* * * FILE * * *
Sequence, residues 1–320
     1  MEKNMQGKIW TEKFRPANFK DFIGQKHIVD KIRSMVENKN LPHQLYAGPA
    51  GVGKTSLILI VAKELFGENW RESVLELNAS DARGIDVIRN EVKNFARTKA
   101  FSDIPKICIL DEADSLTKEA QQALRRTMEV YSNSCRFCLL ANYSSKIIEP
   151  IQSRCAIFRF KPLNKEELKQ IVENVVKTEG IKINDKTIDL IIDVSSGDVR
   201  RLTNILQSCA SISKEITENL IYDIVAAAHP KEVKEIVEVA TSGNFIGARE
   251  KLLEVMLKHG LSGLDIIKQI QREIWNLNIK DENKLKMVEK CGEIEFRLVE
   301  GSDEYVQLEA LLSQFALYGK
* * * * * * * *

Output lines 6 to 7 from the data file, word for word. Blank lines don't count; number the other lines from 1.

   201  RLTNILQSCA SISKEITENL IYDIVAAAHP KEVKEIVEVA TSGNFIGARE
   251  KLLEVMLKHG LSGLDIIKQI QREIWNLNIK DENKLKMVEK CGEIEFRLVE